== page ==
EVERY ONE, or at least every side in the arms debate, is talking "freeze." The question is when the president will or should try to negotiate a strategic weapons freeze with the Soviets. A Senate- House minority, with a lot of evident public and media support, would have him freeze arms-building now--and then go after weapons cuts. A protective Senate majority would have him build more arms now--and then negotiate both a freeze and cuts. What should he do?
To us, the "freeze now, cut later" approach is misguided. A freeze could check the further buildup of weapons, and it responds to a pervasive feeling that both sides already have more than "enough." But a freeze offers no new key to the manifold challenges of verification, which is essential to the mutual confidence required for any agreement. A freeze could complicate dealing with major, politically significant disparities--with the Soviet missile advantage in Europe, for instance. A freeze might well also aggravate what we regard as the prime existing nuclear danger, the vulnerability of one side's land-based missiles to a first strike by the other-- the problem of crisis stability.
It is true, however, that such considerations do not go to the root anxiety of freeze advocates. They believe that the field has been left too long to people who hide behind mumbo-jumbo, that the result has been an increasingly steep and dangerous arms spiral, and in this they are probably right. They may also be technically correct, as political matter, in arguing that the only way to stop it is to gather public opinion behind a single simple concept and ram it through and that the time for a blunt weapon is at hand.
The answer to these last two questions really rests with Mr. Reagan. Speaking for those of us who believe the freeze-now method carries great dangers and defects, can he offer something better? Can he, in fact, offer anything besides a formula for more arms and more tension. It is his failure to address this question adequately that has him struggling to hold the line on his arms control approach now.
Some part of the rap against the president is unfair. Last fall, he did assemble in one speech the general elements of a responsible arms control policy and he did launch one negotiation, on intermediate nuclear forces in Europe, at Geneva--it chugs along in second gear, awaiting, perhaps, the onset of talks on strategic weapons to go into first. But the rest of the Reagan record is disappointing.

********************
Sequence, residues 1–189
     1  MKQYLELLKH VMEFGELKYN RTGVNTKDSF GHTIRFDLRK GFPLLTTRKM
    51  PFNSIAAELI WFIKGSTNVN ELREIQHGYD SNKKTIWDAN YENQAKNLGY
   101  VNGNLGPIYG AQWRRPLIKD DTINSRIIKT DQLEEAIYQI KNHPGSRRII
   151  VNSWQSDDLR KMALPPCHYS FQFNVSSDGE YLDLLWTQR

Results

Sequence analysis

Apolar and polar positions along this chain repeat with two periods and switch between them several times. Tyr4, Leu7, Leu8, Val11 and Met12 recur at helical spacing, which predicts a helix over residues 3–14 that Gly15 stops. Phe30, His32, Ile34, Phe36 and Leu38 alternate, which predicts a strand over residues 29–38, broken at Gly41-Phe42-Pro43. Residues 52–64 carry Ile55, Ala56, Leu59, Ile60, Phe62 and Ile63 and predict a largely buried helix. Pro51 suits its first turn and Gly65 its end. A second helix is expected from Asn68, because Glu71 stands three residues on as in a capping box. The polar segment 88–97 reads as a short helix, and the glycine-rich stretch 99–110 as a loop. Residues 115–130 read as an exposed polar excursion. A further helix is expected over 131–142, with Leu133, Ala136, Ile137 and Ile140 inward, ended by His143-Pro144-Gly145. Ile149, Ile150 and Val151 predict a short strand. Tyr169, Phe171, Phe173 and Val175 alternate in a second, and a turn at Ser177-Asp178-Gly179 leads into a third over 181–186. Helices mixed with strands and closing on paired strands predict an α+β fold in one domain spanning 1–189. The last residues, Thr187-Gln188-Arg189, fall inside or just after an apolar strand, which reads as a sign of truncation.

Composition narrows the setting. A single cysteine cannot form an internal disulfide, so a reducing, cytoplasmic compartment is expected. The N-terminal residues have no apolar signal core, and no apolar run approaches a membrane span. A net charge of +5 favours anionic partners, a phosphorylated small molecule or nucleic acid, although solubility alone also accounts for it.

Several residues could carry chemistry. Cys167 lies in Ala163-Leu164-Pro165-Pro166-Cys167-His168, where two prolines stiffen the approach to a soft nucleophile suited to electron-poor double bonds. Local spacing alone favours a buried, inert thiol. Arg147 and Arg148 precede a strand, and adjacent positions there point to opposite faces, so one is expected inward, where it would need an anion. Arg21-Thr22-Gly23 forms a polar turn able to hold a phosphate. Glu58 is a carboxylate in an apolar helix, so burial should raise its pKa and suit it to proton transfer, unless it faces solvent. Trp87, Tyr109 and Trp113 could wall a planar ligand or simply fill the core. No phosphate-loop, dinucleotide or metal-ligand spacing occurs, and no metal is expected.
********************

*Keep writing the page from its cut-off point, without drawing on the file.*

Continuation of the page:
He used his great influence in the campaign period to undermine both SALT II and public support for arms control, only to find that the treaty's terms (by which both sides are evidently voluntarily abiding) serve the American interest and that the public, once confounded, is hard to get back under control.
The president wanted to show Moscow, before going to the table, that he could muster political support for arms-building. But he waited too long. Jimmy Carter took two months to prepare for negotiations--too quick, as it turned out. Ronald Reagan has used up 15 months and concedes he needs at least several more--a span in which his election mandate may dissipate further. The budget is pressing, and people are asking whether he has a strategy or simply a high budget target. His MX proposal has been sidetracked, his civil defense plans, mercifully, ignored. He has yet to organize or inspire--whichever it is--his national security apparatus to come up with a SALT-START negotiating position.
Finally, Mr. Reagan clings to a loose and unpersuasive way of talking about this most serious of subjects. Just last week he declared that Moscow has "a definite margin of superiority," a "great edge" allowing it to "absorb our retaliatory blow and hit us again." These statements lack a firm factual basis, run counter to the considered analyses of the administration's smartest hawks and further undermine the valid position of those trying to work out a better and more responsible approach to arms control than the one now gaining public favor.
Yes--the freeze is the wrong question. But there is a reason the country is debating it now. It is that the president has not done his job. To beat the freeze, Mr. Reagan must put out his best. That means embracing unequivocally his own arms control principles of last fall, taking hold of his national security bureaucracy and keeping his statements on this subject accurate and precise.